Or I'll have to remember it until Halloween when I try my hand for steelhead and talk about next season's trout opener.
A flexible mind is essential in this game. Don't let your dogma bark too loudly. It bothers the neighbors and scares the fish.
Saturday, September 12, 2015
Most of the Amber Anglers abandoned Salmon Run this year. Many conflicts. Australia, brewery anniversary bash, kids. September has a lot of competing demands here in Michigan.
We have a couple of words on the subject of conflicts. One: we have shirts. Two: we have fish. Mine didn't get to the boat but was hooked, jumped, and witnessed. My buddy's victory story below.
An Amber Angler all hooked-up. Guide Miles in
the foreground concentrating as well.
|From Drop Box|
Near the boat, and net. The dangerous time.
|From Drop Box|
|From Drop Box|
|From Drop Box|
Wednesday, September 9, 2015
This weekend marks the second annual Amber Liquid Salmon Run.
It didn't start out that way.
My trout buddy grew up in a life like a lot of us: something good, something bad.
One of the very good things in his life was his buddy George. I never met George. I only met the outcome of George's efforts.
George must have been a helluva guy.
Anyway, George liked a salmon trip and when he became ill enough that he couldn't make the trip, I was offered a chance to step-in. I had a blast.
And it's my seat in the boat now.
I'd name this run for George but that somehow doesn't seem quite right, either. A lifetime perfecting the outdoor pursuits cannot be tied to something as small as a single trip. This is the Amber Liquid crew's trip and if George were around, he'd be a welcome member.
I suspect that might sit just fine.
Salmon run here in Michigan and with a little cool and a little rain, it can be just the entry into fall that does a fellow right. You need hot coffee from a thermos in the morning - and maybe a little whiskey chaser.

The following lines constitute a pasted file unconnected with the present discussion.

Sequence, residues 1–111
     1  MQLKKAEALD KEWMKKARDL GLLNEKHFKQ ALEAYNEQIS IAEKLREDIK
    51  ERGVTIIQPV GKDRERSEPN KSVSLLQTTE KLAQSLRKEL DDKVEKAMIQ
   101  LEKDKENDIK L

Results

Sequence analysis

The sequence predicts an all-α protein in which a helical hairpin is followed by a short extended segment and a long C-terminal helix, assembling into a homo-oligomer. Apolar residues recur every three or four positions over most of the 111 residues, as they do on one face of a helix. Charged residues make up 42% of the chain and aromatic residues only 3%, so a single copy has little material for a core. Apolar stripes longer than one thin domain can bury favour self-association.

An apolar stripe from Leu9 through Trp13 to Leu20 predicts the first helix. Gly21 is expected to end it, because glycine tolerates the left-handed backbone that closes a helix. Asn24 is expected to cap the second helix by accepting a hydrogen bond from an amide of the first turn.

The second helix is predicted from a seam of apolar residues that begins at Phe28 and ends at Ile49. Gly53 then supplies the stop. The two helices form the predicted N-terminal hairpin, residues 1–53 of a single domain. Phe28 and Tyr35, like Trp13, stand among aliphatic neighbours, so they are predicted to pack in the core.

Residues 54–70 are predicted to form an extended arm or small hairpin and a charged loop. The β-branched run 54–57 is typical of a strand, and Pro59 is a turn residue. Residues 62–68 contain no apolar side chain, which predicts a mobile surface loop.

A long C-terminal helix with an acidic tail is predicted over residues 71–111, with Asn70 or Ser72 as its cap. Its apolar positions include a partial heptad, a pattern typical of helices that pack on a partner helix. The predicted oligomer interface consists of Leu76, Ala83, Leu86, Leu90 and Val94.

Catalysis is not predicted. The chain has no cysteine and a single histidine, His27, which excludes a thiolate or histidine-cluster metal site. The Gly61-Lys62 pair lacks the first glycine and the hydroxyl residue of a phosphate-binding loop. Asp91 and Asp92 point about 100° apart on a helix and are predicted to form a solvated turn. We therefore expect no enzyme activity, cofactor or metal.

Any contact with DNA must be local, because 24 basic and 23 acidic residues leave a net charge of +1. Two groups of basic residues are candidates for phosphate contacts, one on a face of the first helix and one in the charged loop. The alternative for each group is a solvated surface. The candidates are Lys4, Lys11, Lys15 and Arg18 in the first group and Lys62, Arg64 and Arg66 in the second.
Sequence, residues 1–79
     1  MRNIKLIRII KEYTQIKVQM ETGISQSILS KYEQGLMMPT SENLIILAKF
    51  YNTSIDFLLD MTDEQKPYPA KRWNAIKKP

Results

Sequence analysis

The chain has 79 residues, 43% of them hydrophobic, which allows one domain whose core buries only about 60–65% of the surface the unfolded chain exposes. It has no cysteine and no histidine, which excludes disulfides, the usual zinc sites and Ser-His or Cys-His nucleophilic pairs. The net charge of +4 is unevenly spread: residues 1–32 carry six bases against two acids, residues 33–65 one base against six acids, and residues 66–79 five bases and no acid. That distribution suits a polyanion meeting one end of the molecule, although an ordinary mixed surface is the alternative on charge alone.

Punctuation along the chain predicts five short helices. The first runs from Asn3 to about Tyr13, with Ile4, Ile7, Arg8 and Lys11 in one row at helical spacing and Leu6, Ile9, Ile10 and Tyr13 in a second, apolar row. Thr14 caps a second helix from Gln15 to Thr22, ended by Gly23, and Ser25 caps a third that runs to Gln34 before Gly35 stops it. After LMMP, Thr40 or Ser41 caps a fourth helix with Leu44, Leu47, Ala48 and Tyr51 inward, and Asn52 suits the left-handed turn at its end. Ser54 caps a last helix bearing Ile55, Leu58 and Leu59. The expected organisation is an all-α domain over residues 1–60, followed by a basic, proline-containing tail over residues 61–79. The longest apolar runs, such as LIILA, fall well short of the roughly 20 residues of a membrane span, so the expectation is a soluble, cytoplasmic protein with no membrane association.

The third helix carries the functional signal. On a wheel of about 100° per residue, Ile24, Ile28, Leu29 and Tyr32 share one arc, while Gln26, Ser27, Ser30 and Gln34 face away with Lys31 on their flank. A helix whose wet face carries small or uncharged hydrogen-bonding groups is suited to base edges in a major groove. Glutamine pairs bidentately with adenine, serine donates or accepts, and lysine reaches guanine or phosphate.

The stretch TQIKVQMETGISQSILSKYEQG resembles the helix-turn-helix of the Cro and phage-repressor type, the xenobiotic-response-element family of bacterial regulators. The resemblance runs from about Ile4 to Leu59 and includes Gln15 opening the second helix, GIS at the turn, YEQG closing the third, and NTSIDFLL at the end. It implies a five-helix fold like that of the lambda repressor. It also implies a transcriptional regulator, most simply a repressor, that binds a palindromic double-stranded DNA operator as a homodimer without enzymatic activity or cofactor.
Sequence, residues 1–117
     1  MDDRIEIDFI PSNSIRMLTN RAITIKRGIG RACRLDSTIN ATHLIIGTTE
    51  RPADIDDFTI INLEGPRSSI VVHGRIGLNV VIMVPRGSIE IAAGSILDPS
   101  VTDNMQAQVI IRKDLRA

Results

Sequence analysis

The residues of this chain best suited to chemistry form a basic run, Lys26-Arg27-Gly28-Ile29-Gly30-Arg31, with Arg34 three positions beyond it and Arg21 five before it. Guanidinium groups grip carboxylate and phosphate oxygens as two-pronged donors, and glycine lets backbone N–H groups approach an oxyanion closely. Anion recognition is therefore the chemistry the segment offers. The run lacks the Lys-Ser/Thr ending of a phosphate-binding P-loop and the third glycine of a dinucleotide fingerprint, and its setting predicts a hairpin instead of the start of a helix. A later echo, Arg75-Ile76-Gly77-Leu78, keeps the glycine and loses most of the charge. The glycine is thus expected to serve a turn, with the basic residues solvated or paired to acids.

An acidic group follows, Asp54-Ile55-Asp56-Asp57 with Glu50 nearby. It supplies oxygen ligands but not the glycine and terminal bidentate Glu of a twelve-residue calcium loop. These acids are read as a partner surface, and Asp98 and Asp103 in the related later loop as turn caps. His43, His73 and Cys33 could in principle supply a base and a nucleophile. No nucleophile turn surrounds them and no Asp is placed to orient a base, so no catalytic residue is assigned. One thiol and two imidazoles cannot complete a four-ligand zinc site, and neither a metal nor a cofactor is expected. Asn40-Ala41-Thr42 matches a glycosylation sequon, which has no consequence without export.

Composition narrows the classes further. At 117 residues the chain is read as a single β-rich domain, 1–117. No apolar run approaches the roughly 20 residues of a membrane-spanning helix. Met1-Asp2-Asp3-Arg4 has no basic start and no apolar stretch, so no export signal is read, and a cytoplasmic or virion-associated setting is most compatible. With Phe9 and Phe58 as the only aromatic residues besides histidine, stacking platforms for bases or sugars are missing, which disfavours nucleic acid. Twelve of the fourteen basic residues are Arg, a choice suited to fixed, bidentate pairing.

Hook-ups do all the better with a little scotch in the drizzle. Helps break the disappointment of not setting the hook hard enough or not keep the slack out of the line on that first hesitation before the run.
I'm looking to bring a fish to boat this year. I'd say I'm looking to bring a fish to hand but that'd be presumptuous. Must not tempt the gods' displeasure.
Don't look at the cards until they're all dealt out.
I'm going north.
I'm going with a guide who keeps his mouth shut except when there is something important to say - and that important means about the fish. Outside of the boat the rest of the world doesn't exist. He'll answer any direct question, ask the requisite niceties in the most abbreviated fashion, and focus on the fish.
Nothing like a guide who helps you focus on the fish. Can't stand any other type.
I've got an outfitter in Canada I love. He's a great guy. Put him in a boat and he can't stop jabbering. Wears a fellow out. It's his boat and his cabin and his airplane and he's damn nice about everything even when you're being a damn fool. He won't shut-up, however.
I like fish because they don't talk. They're the opposite of young women.
I can't understand a couple distant associates who are in the young-girl chasing business lately. Makes no sense. Of course, they're distant associates so there's that.
Close friends have vices like expensive whiskey and trout and sometimes fast cars and occasionally airplanes. Politics maybe. Yes, politics. They don't have women vices - unless they married it.
I marry women I cannot afford. I fish for trout. See a pattern?
This weekend? Salmon.
Moreover, it's salmon with a guide who will keep me from making a damn fool of myself and look the other way quietly when I do. He'll put me on fish and let the rest come.
He'll feed me smoked pork chops.
Pretty good outing - but then I'm fishing with a good friend who will be in the front of the boat and what good is a fish-of-a-lifetime if not for someone who shares that joy?
Even if I'm just filling in for someone else's lifetime.
Not bad work - if you can get it.
The barrier to entry is however too damn high.